Football World Cup 1974 » Winner – Teams – Statistics – History

The tenth FIFA World Cup was held in West Germany during the summer of 1974. The competition saw the hosts become champions, while underdogs the Netherlands and Poland, and defending champions, Brazil, finished second, third and fourth respectively.

Ninety-eight nations attempted to qualify, and many of the most thriving football nations in the world, including England and France, failed to make it to the finals tournament.

Under the dampening atmosphere of heavy rain and political tension, West Germany 1974 was, in many ways, a competition during which the World Cup as we know it today was born.

Participating Teams of the 1974 World Cup Finals

Sixteen teams qualified for the finals of the 1974 World Cup in West Germany. Having won the 1970 tournament hosted in Mexico by defeating Italy 4-1, Brazil qualified automatically. Argentina, Chile, and Uruguay were the other South American nations that made it to the finals.

Out of the thirty-two teams that comprised the UEFA zone, nine teams successfully qualified for the final stage. Scotland was the only home nation to make it to the finals, joining Bulgaria, East Germany, Italy, Netherlands, Poland, Scotland, Sweden, West Germany and Yugoslavia in what would be a challenging and unpredictable campaign for the finalists.

This tournament was particularly notable for the fact that it was the first World Cup that witnessed Australia (which would not again qualify for another final until 2006), Haiti, Zaire – now the Democratic Republic of Congo – and East Germany reaching the last stage of the competition. The Netherlands and Poland, who both had prominent roles in the final matches, had not qualified for a World Cup since the end of the Second World War. Moreover, Scotland achieved their most successful performance at a World Cup to date during this competition. The Scots were, however, sent home after the first group stages despite being the only team that did not lose a match.

Winner of the World Cup 1974

West Germany, the hosts of the competition, won the 1974 World Cup in impressive style. Captained by the legendary Franz Beckenbauer, the team was on top form throughout the final stages of the tournament, winning six matches and losing one. Gerd Müller was among the top goal scorers of the entire tournament, netting four goals throughout West Germany’s final games.

Müller was clearly instrumental to the success of this awe-inspiring West German team, but several of his team mates also appeared prominently on the competition’s scoresheet. Midfielders Paul Breitner and Wolfgang Overath scored multiple goals, while Bernhard Cullmann, Rainer Bonhof, Jürgen Grabowski and Ulrich Hoeneß also all scored, bringing their nation a hard-fought and much deserved victory.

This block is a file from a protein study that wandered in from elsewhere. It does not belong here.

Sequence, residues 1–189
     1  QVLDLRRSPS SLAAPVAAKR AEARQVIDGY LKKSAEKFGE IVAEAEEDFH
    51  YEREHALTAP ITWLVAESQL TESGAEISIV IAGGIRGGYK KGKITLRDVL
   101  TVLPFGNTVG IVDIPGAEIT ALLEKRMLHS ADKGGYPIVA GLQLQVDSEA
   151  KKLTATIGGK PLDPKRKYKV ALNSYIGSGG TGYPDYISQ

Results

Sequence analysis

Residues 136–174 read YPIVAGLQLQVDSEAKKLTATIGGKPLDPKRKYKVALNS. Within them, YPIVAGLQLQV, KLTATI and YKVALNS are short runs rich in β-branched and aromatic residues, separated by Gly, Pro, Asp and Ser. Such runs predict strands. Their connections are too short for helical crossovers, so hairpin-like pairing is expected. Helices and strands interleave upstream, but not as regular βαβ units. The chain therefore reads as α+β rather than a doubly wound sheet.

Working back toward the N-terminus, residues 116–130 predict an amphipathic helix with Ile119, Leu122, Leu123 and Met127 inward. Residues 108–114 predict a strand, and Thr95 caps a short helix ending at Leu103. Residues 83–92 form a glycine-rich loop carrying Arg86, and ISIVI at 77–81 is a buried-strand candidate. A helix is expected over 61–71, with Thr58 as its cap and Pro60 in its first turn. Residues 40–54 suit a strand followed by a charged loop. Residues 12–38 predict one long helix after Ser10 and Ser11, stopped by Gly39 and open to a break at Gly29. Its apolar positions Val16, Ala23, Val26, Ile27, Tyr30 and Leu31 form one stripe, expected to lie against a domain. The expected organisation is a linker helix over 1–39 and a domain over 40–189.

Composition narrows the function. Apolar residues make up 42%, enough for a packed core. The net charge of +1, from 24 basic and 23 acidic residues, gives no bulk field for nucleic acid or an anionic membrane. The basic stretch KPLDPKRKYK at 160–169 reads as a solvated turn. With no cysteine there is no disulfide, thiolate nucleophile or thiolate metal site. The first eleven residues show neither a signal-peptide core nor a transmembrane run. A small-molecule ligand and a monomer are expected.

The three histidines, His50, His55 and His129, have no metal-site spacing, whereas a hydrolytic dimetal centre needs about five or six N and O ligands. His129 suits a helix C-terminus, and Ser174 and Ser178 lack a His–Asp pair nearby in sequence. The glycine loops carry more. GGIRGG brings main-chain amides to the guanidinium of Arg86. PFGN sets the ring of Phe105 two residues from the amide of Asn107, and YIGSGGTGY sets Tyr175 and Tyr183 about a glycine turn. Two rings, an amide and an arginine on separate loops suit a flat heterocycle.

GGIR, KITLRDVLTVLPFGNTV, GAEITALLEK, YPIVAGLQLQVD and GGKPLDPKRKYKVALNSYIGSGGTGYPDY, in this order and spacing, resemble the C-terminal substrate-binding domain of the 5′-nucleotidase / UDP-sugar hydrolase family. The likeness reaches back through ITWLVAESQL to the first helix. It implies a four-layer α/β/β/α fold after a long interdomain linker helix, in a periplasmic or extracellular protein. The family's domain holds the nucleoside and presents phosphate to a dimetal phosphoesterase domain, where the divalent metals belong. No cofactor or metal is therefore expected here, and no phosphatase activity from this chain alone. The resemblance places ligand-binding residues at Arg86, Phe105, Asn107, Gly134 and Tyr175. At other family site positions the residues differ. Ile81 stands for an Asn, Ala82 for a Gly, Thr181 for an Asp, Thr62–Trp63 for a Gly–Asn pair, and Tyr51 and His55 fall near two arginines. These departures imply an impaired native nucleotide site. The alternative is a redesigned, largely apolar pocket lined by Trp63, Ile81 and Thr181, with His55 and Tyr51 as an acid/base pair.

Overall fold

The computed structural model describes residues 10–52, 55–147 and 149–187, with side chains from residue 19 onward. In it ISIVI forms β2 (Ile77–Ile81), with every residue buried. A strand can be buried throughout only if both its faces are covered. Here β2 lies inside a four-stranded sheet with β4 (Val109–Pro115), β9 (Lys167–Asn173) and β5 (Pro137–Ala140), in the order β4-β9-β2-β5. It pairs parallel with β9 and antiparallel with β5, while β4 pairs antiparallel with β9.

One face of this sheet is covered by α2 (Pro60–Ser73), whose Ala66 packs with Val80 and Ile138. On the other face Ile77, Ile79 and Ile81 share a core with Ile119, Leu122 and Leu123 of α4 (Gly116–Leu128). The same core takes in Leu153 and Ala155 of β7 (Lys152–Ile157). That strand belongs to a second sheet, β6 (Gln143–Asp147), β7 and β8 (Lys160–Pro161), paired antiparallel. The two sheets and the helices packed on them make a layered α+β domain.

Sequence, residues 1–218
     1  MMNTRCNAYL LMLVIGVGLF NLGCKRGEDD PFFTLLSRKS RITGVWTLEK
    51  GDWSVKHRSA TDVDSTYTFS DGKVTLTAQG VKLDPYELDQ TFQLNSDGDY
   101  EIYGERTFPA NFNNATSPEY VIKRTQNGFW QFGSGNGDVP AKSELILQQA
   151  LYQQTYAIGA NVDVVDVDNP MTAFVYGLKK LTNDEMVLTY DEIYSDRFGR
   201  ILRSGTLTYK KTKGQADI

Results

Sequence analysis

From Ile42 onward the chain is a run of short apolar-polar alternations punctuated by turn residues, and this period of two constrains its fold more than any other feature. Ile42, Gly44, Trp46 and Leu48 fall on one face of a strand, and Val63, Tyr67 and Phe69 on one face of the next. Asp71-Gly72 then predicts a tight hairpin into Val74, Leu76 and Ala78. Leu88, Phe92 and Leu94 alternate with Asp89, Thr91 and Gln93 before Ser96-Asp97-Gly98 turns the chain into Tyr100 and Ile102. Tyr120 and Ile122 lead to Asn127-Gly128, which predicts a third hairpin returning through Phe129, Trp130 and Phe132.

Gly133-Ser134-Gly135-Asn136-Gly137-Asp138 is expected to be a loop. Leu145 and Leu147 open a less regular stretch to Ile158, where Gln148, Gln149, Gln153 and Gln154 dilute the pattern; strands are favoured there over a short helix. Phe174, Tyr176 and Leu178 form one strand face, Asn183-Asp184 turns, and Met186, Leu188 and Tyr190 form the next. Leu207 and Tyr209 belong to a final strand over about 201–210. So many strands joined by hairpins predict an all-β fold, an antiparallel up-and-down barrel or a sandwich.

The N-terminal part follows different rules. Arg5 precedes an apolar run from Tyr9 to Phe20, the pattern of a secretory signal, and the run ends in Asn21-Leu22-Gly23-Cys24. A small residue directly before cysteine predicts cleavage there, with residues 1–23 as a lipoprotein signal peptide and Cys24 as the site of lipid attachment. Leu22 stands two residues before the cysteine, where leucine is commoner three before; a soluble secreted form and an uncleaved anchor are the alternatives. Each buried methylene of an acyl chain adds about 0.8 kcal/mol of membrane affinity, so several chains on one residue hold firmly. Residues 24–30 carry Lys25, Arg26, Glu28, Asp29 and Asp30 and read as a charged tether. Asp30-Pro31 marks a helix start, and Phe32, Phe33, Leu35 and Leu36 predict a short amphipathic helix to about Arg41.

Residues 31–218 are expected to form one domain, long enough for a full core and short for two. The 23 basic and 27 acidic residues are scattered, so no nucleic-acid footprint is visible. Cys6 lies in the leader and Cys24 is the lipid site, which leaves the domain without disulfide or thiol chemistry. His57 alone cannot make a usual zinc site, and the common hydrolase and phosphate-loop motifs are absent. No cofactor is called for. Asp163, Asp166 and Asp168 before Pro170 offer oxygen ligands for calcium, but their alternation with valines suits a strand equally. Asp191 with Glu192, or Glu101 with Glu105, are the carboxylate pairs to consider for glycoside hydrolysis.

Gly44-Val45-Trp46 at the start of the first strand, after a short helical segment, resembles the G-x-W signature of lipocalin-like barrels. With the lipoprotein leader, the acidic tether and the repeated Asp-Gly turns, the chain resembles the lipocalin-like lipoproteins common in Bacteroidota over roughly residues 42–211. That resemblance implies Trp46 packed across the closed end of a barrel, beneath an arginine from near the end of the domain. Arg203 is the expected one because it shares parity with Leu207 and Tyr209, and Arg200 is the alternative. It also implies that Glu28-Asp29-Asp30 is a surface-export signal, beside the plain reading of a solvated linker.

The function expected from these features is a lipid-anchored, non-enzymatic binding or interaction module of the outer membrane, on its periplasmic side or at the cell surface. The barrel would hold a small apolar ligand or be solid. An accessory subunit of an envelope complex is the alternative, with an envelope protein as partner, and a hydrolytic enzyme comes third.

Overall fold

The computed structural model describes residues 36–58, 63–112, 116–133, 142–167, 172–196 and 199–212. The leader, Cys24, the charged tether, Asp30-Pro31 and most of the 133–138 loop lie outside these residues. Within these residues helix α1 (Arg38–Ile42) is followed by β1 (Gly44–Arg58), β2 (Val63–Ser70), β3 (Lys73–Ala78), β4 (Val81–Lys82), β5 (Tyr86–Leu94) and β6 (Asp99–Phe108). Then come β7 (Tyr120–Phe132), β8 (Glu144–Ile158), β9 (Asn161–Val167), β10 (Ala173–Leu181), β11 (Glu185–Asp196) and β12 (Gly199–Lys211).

Netherlands Netherlands
West Germany (-1989) West Germany (-1989)
07 July 1974

The Story of 1974 FIFA World Cup

Football World Cup 1974

West Germany 1974 was a World Cup during which was a departure from previous competitions. In addition to the fact that a new format for the competition was implemented during this World Cup, FIFA inaugurated João Havelange as president shortly before the commencement of the finals, and he was the first person in the history of the organisation from outside Europe to hold the post.

Perhaps the change which was most symbolic of the new face of the FIFA World Cup, however, was the fact that the iconic FIFA World Cup Trophy was presented to the champion nation. The Jules Rimet Trophy, which was the trophy used for previous World Cups, had been eternally bestowed upon the Brazilians, as they had won the title for the third time in Mexico 1970. The entire competition brought together a whole host of unlikely teams against some of the more usual faces, and teams such as the Netherlands, Poland, Yugoslavia, and Scotland were formidable when playing against their high-ranking opponents.

The final game of the 1974 World Cup was held in Munich’s Olympiastadion, where West Germany defeated the Netherlands 2-1. The 78,000 spectators in attendance were treated to a furious first-half, in which the Netherlands’ Johan Neeskens fired in a penalty during the opening minutes. The West Germans quickly equalised with a penalty taken by Breitner, and Müller took the team ahead just before half-time, in the forty-third minute.

Much to the former title holder’s disappointment, Poland were the runners-up of the competition, beating Brazil 1-0 in front of an equally packed crowd. In addition to their climactic final match against the Netherlands, another game of the campaign was particularly significant for the champions: both West Germany and East Germany were placed in Group One, characterising the first group stage with an unprecedented sense of political tension, particularly when the West was narrowly beaten 1-0 by the East.

Although the West German team remained in good form throughout the following years, the nation did not win another World Cup until 1990 – just before the reunification of the country.